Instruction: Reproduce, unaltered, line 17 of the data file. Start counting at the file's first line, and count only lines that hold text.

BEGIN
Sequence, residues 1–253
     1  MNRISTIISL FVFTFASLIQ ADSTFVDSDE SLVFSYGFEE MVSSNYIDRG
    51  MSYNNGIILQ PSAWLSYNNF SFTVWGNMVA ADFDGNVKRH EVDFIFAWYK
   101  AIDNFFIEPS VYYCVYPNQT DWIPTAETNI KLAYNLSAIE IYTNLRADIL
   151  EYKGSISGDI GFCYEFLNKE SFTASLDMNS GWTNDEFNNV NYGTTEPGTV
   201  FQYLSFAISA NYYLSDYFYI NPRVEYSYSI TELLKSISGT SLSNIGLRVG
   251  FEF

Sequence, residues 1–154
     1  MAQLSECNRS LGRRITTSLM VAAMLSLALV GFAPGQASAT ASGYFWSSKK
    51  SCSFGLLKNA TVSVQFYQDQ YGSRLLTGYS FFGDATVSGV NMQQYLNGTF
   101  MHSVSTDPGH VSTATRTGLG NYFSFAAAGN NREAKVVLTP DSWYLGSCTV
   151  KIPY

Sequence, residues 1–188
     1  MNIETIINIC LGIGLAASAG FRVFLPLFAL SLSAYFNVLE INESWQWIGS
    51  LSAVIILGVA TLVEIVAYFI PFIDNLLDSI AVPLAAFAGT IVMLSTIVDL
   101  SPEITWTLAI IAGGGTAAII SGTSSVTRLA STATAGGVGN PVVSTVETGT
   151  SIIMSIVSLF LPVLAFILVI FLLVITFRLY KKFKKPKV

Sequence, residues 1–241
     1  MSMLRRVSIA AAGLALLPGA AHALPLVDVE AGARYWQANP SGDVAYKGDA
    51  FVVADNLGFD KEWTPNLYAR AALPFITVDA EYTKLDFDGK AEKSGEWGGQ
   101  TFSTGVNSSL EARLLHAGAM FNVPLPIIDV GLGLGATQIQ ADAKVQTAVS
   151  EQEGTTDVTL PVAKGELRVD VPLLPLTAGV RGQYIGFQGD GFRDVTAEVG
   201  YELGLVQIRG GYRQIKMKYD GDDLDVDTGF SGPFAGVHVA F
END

   151  SIIMSIVSLF LPVLAFILVI FLLVITFRLY KKFKKPKV